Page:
David Coombs noted that this was the final defense witness for the Article 32 hearing, because all other defense witnesses were not allowed by the IO to be questioned.

The IO asked PFC Manning if he understood his right to make a statement, and his right to not make a statement. PFC Manning, in very quick speech, said what I understood to be “I understand, sir” (but it was not at all clear).

The IO then asked PFC Manning if he wished to make a statement. PFC Manning replied “No, sir.”

It was now 9:40am. The IO moved to recess the proceedings until 9:00am, Thursday, December 22, for closing statements by the prosecution and defense. David Coombs objected to the delay by noting that both the defense and prosecution should be ready to make closing statements by 4:00pm today—giving both sides plenty of time to prepare.

The IO upheld the prosecution’s argument that there was a pre-existing agreement to do closing statements on Thursday, regardless of today’s very early finish.

Hearing in recess until 9am, Thursday, December 22.

8 thoughts on “Day 6 of Bradley Manning’s pre-trial hearing: In-depth notes from the Art. 32 courtroom

  1. The truth is, we can’t really get a ‘whole picture’ without defense witnesses. This is a pretty rigged ‘pre-trial’. I hope Coombs comes out swinging today!

  2. The sheer stupidity of after the fact persecution, punishment in a vane effort to put the cat back in the bag and get all those crawling worms back into the can, such is the self-crucifying thought pattern of a dieing Empire.

    For light forces all darkness to give way and if you can’t stand the exposure, then feel your way deeper into darkness.


    Surely wisdom is in direct proportion to humility, which is in reverse proportion to rank, glorification and privilege. Which proves beyond a reasonable doubt that only if the judges were buck privates could Manning be spared a kangaroo court run by moral imbeciles.


    If there were ever a battle between the noonday sun and the dead of night — which would totally destroy the other?

    And so it is with the battle between Manning’s enlightenment and government brainwash darkness, and for an absolute if corporate owned media had reported the truth, single-handedly Manning’s massive amount of light would have so illuminated all the corruption done behind closed doors that we would now have all new politicians, tax payer funded elections and all our troops back home rebuilding infrastructure.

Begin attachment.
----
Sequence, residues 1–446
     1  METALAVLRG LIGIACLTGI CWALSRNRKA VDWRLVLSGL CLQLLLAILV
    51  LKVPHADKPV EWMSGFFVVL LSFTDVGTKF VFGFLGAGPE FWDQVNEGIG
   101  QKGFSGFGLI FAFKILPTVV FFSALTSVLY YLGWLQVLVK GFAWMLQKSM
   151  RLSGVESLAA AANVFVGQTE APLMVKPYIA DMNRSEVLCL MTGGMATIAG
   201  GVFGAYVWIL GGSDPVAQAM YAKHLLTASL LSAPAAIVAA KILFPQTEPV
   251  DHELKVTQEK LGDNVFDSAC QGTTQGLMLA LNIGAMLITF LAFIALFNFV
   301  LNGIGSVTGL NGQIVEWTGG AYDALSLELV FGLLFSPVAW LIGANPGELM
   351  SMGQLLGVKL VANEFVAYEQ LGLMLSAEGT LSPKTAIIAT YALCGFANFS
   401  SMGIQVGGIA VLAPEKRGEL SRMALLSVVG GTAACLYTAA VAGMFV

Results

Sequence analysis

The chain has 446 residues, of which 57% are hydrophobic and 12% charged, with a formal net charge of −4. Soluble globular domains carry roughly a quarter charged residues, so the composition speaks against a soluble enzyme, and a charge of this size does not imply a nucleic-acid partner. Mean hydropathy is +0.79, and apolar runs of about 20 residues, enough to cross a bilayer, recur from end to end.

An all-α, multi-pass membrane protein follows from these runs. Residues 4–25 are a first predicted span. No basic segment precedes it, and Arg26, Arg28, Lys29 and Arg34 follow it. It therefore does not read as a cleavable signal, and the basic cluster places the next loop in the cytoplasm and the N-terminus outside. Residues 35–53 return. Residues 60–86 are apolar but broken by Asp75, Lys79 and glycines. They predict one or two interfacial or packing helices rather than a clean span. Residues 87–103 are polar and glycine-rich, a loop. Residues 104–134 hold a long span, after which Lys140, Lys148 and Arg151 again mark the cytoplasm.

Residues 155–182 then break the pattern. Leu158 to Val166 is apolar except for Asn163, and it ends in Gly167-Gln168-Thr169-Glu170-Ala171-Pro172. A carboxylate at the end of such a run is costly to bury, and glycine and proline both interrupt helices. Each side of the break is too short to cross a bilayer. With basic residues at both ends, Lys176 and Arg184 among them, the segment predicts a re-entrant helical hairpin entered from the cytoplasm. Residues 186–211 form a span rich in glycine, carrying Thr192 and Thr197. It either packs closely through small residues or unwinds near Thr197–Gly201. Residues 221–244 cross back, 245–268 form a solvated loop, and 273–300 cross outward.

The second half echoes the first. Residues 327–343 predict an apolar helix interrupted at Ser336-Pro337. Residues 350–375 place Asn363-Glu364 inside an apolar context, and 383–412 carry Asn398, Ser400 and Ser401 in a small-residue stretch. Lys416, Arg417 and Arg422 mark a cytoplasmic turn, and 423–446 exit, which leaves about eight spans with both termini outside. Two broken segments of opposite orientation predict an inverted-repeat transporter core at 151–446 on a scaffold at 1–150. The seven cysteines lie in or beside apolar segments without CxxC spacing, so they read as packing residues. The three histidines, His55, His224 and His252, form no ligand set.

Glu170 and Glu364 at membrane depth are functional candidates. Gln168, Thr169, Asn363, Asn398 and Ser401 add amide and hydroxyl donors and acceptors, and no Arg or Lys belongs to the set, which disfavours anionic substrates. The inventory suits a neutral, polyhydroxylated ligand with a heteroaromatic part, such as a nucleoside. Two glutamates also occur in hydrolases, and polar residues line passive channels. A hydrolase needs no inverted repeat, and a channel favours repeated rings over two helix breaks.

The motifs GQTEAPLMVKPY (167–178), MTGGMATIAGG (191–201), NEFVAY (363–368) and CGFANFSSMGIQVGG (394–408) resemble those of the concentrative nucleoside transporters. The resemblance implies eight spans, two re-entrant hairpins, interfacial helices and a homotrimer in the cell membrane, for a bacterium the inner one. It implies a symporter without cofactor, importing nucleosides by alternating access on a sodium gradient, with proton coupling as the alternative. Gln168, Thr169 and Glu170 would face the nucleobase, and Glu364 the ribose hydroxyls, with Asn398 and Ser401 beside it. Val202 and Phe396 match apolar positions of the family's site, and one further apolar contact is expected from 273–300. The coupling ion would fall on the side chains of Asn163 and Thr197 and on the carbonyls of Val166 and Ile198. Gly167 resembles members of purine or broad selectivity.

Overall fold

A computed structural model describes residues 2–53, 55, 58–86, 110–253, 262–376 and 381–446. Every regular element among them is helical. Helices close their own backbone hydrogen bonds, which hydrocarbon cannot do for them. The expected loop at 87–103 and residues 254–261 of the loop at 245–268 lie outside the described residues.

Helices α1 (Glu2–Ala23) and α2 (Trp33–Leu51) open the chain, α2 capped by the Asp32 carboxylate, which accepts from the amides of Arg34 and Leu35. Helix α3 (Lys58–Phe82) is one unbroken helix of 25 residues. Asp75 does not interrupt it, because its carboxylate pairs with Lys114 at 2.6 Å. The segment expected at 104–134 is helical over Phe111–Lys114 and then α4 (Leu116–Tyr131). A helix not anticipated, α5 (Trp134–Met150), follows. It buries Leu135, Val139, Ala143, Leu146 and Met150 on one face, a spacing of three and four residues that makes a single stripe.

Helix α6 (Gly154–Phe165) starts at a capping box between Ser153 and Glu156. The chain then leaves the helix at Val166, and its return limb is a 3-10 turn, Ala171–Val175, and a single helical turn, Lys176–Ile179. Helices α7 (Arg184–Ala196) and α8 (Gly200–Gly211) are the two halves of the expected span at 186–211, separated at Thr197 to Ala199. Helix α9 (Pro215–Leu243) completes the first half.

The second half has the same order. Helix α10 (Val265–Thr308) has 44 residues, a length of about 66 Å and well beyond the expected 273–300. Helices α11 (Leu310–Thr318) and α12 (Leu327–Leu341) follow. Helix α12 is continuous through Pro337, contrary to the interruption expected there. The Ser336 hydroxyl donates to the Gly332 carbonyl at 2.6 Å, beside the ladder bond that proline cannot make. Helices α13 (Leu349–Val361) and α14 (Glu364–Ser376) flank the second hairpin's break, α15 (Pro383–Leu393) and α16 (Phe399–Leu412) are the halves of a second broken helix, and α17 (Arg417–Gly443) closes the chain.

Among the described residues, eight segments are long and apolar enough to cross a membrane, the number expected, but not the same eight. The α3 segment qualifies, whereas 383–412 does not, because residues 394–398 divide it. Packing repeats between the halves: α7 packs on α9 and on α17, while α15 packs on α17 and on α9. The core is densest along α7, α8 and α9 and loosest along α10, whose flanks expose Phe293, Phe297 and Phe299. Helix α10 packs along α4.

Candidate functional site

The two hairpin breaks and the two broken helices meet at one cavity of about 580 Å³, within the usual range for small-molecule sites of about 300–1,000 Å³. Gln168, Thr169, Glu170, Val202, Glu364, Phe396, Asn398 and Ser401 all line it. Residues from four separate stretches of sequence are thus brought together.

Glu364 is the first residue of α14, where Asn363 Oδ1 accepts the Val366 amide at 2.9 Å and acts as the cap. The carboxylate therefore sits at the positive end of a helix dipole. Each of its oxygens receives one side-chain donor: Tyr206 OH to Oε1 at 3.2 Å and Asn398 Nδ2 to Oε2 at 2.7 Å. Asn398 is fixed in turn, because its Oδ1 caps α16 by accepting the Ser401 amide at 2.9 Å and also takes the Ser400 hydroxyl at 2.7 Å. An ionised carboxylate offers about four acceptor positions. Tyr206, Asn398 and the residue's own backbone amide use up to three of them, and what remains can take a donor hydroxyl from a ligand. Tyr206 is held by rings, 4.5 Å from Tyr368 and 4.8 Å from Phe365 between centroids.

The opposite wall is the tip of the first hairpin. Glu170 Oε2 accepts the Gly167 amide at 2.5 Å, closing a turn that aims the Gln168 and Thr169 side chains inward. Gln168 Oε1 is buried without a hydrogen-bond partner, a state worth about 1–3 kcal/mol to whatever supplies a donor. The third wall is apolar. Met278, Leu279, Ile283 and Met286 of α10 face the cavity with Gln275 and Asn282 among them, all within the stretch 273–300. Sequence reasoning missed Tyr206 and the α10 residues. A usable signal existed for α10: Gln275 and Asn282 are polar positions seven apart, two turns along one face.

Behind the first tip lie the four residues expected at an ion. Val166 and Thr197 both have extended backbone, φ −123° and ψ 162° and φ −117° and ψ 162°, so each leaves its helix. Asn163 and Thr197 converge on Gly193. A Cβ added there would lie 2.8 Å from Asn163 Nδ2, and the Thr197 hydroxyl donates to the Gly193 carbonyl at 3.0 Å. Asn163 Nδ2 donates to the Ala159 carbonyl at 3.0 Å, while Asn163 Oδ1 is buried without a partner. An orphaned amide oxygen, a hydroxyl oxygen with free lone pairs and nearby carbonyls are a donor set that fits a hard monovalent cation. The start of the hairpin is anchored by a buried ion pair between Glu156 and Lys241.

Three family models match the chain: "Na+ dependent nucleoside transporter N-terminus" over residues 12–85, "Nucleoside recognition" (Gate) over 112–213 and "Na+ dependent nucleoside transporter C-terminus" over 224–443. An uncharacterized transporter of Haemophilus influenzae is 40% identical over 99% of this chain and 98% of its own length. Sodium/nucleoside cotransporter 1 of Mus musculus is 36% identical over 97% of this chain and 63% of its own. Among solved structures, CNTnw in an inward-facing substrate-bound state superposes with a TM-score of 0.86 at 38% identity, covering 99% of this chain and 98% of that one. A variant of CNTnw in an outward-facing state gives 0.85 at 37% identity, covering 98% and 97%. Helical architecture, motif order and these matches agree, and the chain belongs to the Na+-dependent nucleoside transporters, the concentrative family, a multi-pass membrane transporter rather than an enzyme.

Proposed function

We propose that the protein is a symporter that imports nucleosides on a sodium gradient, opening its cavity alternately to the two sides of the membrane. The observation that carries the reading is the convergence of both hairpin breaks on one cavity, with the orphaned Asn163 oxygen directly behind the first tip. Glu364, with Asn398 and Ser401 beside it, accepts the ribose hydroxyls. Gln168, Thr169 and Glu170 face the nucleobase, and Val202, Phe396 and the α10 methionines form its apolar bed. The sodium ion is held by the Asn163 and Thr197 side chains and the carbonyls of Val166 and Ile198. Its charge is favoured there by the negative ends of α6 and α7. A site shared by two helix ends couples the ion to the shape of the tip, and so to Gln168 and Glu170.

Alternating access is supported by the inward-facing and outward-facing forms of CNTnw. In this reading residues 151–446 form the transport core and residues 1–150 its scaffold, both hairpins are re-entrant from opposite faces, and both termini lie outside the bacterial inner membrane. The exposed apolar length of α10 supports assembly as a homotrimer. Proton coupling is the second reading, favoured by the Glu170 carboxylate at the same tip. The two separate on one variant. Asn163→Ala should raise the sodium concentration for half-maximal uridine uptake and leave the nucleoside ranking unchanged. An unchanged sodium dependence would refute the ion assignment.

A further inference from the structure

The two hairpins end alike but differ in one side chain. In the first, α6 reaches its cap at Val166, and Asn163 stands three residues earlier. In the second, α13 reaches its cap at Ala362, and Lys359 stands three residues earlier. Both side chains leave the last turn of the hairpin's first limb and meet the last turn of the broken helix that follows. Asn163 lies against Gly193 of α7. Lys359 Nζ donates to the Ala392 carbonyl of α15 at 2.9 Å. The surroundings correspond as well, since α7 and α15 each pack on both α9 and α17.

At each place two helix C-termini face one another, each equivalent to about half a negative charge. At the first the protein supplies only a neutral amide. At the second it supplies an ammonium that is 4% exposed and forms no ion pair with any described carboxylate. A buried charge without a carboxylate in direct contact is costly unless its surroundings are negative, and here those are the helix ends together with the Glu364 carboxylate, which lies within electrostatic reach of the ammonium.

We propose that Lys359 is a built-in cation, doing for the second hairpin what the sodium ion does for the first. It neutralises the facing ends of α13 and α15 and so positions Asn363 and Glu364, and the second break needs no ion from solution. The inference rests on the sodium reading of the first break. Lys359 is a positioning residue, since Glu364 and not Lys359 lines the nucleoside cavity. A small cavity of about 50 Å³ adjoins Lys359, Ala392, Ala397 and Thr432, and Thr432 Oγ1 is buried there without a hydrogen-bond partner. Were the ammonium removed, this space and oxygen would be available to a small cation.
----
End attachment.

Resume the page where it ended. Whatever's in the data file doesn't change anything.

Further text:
So, the corporate rich owning and funding all of mainstream media, all news (new reality) converted to propaganda and misinformation, what does this actually accomplish? Well, it mixes light with darkness such that you see light as darkness, fall in love with darkness and hate those who walk in the light thinking they be most evil darkness.

    For darkness is an illusion of good hiding misery, a liar’s pretense of good hiding an intent to be enriched upon our misery, and light the only thing under the sun that can possible end such misery.

  5. I don’t know that posts from people like ‘nobody’ are appropriate for this site. I’d like to see his/her post deleted. It’s just a thoughtless, hate based emotive response. We have a ‘legal process’ in this country for many reasons. Bradley Manning and his current plight is one of those reasons. Manning is a HERO!

  6. So, Nobody, I take your statement to mean that you approve of:

    1) Troops murdering innocent unarmed civilians

    2) Getting rid of the presumption of innocence to allow lengthy & severe punishment prior to even the first court appearance

    3) Summarily disallowing the defense witnesses so a fair trial can’t be had

    4) Governments keeping secrets that have no national security ramifications other than sparing embarrassment or to conceal serious illegal acts.

    Well, if the NDAA is signed, you may just get the country you wish for. Hope you like it for yourself and the people you care about as much as you like it for PFC Manning.

Leave a Reply

Your email address will not be published. Required fields are marked *

You may use these HTML tags and attributes: <a href="" title=""> <abbr title=""> <acronym title=""> <b> <blockquote cite=""> <cite> <code> <del datetime=""> <em> <i> <q cite=""> <strike> <strong>